Handgun Rests


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Matt304
October 25, 2007, 12:02 PM
I just purchased a Lone Eagle pistol with a scope, and I would like a very solid and adjustable rest to sight it in at 200 yards.

I just want the rest to grip the gun very well, and have a stable platform. The ones I have seen so far are just a V that the gun sits in, and you aim. I was hoping to find something that actually straps the gun in tight, like a precision rifle rest - since this is a larger handgun.

Thanks.

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Canuck-IL
October 25, 2007, 02:43 PM
You want a Ransom Rest or equivalent product ... Caldwell recently came out with a less expensive model.

Either device uses model specific inserts that replace the guns grips and clamp the gun into a pivoting, steel housing...usually used with a heavy steel base of some sort. Commonly used for testing Bullseye or PPC guns, inserts are available for most popular pistols.

The original, good but pricey...
http://www.ransomrest.com/

Less expensive, new competition...
http://www.midwayusa.com/eproductpage.exe/showproduct?saleitemid=139272

You'll sometimes encounter a range or club that may have one to loan or rent...assuming you have the correct inserts.

/Bryan

Matt304
October 25, 2007, 05:52 PM
Those look very strong, I like the one from Midway for the price.

The only problem is that there is no frame on this gun. It has what is essentially a grip bolted to a barrel. The grip is all synthetic, and there would be nothing to hold it if the grip was removed. I also don't see a style made for the Lone Eagle pistol.

Is there possibly a mini version of a rifle rest that could strap the barrel in and hold the grip by the sides?

Canuck-IL
October 25, 2007, 06:27 PM
Sorry - never seen such an animal. Some (not enough!, it seems) 'smiths have barrel testers used to evaluate a naked barrel before using it a build but that wouldn't allow a scope to be setup on it...assuming the barrel could be made to fit.
/B

CWL
October 25, 2007, 07:00 PM
There is a customization kit for handguns on the Midway list. You essentially cast your own grip mount for the pistol -although I do not know whether this will work for pistols without grip scales.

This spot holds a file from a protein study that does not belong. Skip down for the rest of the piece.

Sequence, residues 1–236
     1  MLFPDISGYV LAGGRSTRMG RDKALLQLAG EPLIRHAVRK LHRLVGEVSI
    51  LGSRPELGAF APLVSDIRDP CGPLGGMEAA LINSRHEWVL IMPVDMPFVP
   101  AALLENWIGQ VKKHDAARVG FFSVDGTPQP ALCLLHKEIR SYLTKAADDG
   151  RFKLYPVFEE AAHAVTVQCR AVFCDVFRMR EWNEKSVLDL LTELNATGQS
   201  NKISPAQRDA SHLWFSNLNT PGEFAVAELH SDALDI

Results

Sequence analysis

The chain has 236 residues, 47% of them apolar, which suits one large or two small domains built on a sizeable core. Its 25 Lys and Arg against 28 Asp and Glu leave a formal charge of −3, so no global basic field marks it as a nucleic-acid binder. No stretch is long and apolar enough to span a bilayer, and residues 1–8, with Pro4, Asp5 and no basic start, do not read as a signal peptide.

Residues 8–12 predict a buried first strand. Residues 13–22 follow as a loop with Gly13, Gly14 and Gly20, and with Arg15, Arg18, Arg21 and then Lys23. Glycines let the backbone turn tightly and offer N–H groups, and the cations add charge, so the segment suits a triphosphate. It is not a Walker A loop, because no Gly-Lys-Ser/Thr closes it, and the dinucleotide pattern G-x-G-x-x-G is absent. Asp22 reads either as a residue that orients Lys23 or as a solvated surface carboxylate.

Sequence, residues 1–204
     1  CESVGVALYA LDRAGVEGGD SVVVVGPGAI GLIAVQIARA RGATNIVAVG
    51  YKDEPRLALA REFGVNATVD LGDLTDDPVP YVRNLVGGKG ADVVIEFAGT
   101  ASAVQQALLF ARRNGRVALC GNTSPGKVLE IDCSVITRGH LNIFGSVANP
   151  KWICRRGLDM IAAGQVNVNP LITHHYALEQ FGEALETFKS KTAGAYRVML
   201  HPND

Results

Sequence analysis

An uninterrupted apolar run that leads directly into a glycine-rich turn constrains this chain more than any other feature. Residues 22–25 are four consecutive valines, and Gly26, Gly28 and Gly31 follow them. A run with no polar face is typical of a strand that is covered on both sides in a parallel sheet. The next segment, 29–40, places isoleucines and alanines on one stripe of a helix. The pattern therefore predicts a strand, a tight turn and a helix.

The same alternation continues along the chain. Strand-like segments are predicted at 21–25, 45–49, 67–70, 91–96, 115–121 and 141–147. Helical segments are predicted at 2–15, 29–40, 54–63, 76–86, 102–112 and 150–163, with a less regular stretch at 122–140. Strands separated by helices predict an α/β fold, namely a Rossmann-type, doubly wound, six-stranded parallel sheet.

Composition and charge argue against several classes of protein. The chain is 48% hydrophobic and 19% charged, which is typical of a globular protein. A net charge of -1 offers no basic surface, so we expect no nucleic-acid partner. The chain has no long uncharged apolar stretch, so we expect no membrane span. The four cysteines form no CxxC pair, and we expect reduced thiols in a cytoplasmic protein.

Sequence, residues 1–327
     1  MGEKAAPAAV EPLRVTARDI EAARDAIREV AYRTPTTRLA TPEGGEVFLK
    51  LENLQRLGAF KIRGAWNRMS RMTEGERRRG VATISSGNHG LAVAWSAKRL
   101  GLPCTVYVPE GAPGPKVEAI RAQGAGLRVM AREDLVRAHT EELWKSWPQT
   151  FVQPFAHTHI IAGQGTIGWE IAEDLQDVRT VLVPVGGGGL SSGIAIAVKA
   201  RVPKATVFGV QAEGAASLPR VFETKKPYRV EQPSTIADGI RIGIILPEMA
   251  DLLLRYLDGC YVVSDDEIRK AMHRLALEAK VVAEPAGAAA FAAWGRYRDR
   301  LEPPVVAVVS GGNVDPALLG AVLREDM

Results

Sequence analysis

http://www.midwayusa.com/eproductpage.exe/showproduct?saleitemid=983063

If it were me, I'd use sandbags to securely wedge the pistol into position by having a friend build-up the sandbags around the pistol & my hands in order to sight solidly.

You can also use a bipod to sight-in, just place sandbags placed around the bipod and under gun in order to stabilize the entire pistol.

Matt304
October 25, 2007, 07:18 PM
Hmm, it would work assuming the gap is wide enough for the grip width. I wouldn't want to get the stock all messy though, I'm not quite sure how the mold system works.

Steve C
October 25, 2007, 07:26 PM
Anything that holds the muzzle of the gun down when its fired will not allow you to sight in the gun properly unless you are going to drag it around and use it every time you shoot. A good deal of where the bullet vertically impacts depends upon the recoil since the gun is under recoil before the bullet leaves the barrel. Find a range that has a table where you can rest your wrists but do not tie the barrel down if you are sighting in a handgun that you will normally shoot unsupported.

MrBorland
October 25, 2007, 07:34 PM
A good deal of where the bullet vertically impacts depends upon the recoil since the gun is under recoil before the bullet leaves the barrel.

Don't wanna hijack the thread, but I don't think this is true. A high speed movie of a pistol being fired would show the bullet leaving the barrel long before the slide, let alone the muzzle, even begins to move. Besides, if true, the accuracy of a gun, especially a rifle with a long barrel, would be inversely proportional to the caliber. You can get some pretty impressive accuracy from a .44mag. When recoil affects bullet trajectory, it's because the shooter is flinching.

Steve C
October 25, 2007, 07:48 PM
but I don't think this is true.

Sure its true. If it wasn't then explain why heavier bullets impact higher than lighter bullets even though the heavier bullet is slower and thus has more drop time between the gun and the target. As we know gravity accelerates down at the same rate of 32 fps/s for all objects. It also explains why the path of the bullet is in an arc that rises above the line of sight then drops to point of aim. A rifle or pistol sighted in at 100 yds will hit higher on a target at 50 yds using the same point of aim. Check any of the gun manufacturers ballistic charts and look at point of impact vrs point of aim at various distances short of sight in point and after.

MrBorland
October 25, 2007, 08:05 PM
A rifle or pistol sighted in at 100 yds will hit higher on a target at 50 yds using the same point of aim.


I don't think it has anything to do with recoil putting it there. The smaller faster round has a flatter trajectory, whereas the bigger, slower round has a rainbow trajectory; when the point of impact is before its "zero", the heavy would hit relatively high.

Canuck-IL
October 25, 2007, 10:48 PM
Continuing the hijack ... Tuner and others have laid that one to rest a number of times on this forum. The slide DOES move before the bullet exits ... a 1911 has about 1/10th inch of slide motion before the bullet is gone. Search around, there are at least 2 huge threads about it. Here's a pic - I'll find the 1911 shortly.


http://i42.photobucket.com/albums/e346/Canuck-IL/Short/45acp-bullet_leaving.jpg


and here's a video link ... lots to see in this one besides the slide motion.
http://www.trippresearch.com/media/movement/hispeedgateway.html
/B

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